Happy Poetry Day, everyone!  There are more poems at the Tuesday Poem hub.

I’ve read a lot of poetry over 2009.  Here are some of the books that have made their way into my collection and enriched my year (in no particular order): 

‘Africa: Kabbo, Mantis and the Porcupine’s Daughter’ by Alistair Paterson (Puriri Press) – a long poem that explores humanity’s African origins.  Click here for a useful review by Terry Locke). 

Here’s an extract from ‘Africa’: 

They’re alive
            our ancestors are alive 

they live through us & yet
         there’s a sense in which 

what’s happened seems
         never to have happened 

in which thinking about it
          what’s gone, what’s over
is like looking at a church
        examining it (the church) 

from a distance, admiring
        the lift & luft of the spire…” 

‘The Rocky  Shore’ by Jenny Bornholdt (Victoria University Press) – long autobiographical poems, which sparked an interesting discussion about what constitutes poetry between Iain Sharp (writing in Landfall) and Joanna Preston (on her blog).  Personally, I take a pretty liberal view regarding what is and isn’t poetry.  (I wrote about this last year. )   I’m more interested in whether it’s writing that I enjoy (and I always enjoy Jenny Bornholdt’s).  

‘Moose Beetle Swallow’ by Estonian surrealist poet Andres Ehin (Southword Editions) – beautifully translated by Irish poet Patrick Cotter (see Patrick Cotter’s website).  There’s a review here from Penniless Press.  One thing I found very interesting about this collection was how the translations differ from other translations of the same poems.  Consider this opening extract of ‘To be a Dog Apartment’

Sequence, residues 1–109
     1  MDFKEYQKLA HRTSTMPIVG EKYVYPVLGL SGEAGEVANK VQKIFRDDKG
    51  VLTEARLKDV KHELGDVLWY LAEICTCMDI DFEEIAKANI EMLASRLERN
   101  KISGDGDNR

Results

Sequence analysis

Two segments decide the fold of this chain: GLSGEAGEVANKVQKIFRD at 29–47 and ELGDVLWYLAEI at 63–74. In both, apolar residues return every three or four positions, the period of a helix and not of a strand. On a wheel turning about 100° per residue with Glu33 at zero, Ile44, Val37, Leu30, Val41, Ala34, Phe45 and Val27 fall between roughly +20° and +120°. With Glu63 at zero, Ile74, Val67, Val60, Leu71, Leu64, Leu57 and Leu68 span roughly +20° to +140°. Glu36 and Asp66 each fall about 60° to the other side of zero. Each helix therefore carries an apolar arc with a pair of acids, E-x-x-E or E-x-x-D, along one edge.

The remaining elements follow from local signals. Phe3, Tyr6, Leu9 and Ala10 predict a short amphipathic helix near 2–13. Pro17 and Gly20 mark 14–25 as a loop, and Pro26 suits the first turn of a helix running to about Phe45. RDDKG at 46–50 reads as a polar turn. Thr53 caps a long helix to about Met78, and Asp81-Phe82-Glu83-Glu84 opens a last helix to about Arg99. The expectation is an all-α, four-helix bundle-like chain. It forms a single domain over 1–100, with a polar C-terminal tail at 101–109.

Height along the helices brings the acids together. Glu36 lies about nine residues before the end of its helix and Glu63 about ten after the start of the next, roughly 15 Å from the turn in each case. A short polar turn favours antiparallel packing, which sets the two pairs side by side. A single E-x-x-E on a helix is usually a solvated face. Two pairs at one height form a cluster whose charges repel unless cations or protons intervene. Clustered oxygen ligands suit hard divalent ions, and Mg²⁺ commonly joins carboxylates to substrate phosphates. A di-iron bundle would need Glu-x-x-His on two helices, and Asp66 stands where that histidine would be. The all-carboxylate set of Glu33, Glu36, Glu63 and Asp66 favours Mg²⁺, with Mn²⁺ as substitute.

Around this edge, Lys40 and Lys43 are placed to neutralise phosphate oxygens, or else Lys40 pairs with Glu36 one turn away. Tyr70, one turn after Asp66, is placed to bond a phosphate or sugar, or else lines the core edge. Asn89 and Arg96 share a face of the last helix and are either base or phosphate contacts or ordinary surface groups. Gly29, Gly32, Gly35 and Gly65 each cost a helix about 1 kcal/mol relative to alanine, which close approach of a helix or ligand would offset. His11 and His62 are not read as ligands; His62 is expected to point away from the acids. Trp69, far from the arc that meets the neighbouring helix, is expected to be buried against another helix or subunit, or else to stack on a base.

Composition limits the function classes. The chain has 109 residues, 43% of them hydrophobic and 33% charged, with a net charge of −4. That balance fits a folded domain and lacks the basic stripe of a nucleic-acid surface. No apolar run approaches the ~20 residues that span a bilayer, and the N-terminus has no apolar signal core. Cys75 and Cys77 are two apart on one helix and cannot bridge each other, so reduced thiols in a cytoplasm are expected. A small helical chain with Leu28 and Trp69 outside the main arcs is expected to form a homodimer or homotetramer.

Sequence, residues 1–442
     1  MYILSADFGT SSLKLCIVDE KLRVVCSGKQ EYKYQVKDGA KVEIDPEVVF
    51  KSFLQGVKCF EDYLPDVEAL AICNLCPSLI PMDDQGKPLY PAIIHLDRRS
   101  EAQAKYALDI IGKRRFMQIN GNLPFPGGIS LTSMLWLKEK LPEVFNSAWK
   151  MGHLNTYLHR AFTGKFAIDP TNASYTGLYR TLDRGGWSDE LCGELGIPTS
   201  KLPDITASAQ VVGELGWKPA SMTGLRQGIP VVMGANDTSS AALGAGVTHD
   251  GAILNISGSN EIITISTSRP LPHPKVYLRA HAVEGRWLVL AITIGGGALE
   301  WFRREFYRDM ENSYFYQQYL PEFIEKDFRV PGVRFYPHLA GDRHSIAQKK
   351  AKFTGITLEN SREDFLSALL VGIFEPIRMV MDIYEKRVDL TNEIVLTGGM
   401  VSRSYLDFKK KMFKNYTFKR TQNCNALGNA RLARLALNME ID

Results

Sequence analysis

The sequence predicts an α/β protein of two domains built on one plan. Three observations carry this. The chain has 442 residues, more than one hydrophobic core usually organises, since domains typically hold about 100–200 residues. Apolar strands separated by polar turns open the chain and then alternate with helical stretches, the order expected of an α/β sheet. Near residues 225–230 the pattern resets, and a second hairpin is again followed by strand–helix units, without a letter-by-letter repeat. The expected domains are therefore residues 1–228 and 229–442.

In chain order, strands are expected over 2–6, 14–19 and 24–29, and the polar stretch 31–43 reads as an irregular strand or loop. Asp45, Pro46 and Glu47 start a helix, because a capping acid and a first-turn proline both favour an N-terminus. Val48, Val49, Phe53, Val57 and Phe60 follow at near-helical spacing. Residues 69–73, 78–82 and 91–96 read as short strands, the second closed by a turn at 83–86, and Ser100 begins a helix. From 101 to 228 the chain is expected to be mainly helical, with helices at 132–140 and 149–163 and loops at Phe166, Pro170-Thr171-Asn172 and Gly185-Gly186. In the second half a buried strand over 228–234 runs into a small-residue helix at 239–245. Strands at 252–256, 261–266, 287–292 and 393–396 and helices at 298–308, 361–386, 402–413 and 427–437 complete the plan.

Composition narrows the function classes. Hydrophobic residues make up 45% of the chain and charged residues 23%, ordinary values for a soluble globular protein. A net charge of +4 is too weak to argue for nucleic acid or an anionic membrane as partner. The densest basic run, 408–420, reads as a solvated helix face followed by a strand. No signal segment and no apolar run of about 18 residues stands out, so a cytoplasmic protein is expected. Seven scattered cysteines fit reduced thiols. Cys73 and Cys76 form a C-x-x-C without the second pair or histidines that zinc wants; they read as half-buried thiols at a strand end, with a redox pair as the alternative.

“to be a dog-apartment with three barking rooms
with a snout-bathroom
where one tap dribbles cold
and the other hot slobber” 

and Patrick Cotter’s version: 

Imagine an apartment made of dog
three rooms of bark, a bathroom of snout

 the cold tap dribbles, the hot tap slobbers” 

Both are great, but each paints a very different picture. 

 ‘Making Music’ by Patrick Cotter (Three Spires Press).  Quirky, fun in that dark way, full of angels. 

‘Nearest and Dearest’ by Mary Cresswell (Steele Roberts) – poems full of satire and humour. (I interviewed Mary on this blog). 

‘My Iron Spine’ by Helen Rickerby (Headworx).  Includes very entertaining poems about Katherine Mansfield, Joan of Arc, Emily Dickinson and other famous women. 

‘through windows’ by Susana Lei’ataua (Steele Roberts).  I saw Susana perform this as a one-woman show at Bats a few years ago.  It’s based on her time in New York and has the sounds of the subway running through it: 

                                    “I am a train 

tearing through neighbourhoods 

this and that 

this and that 

this and that 

side of the state line.” 

(to be continued…and apologies for the spacing – I just can’t get it to work) 



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December 2020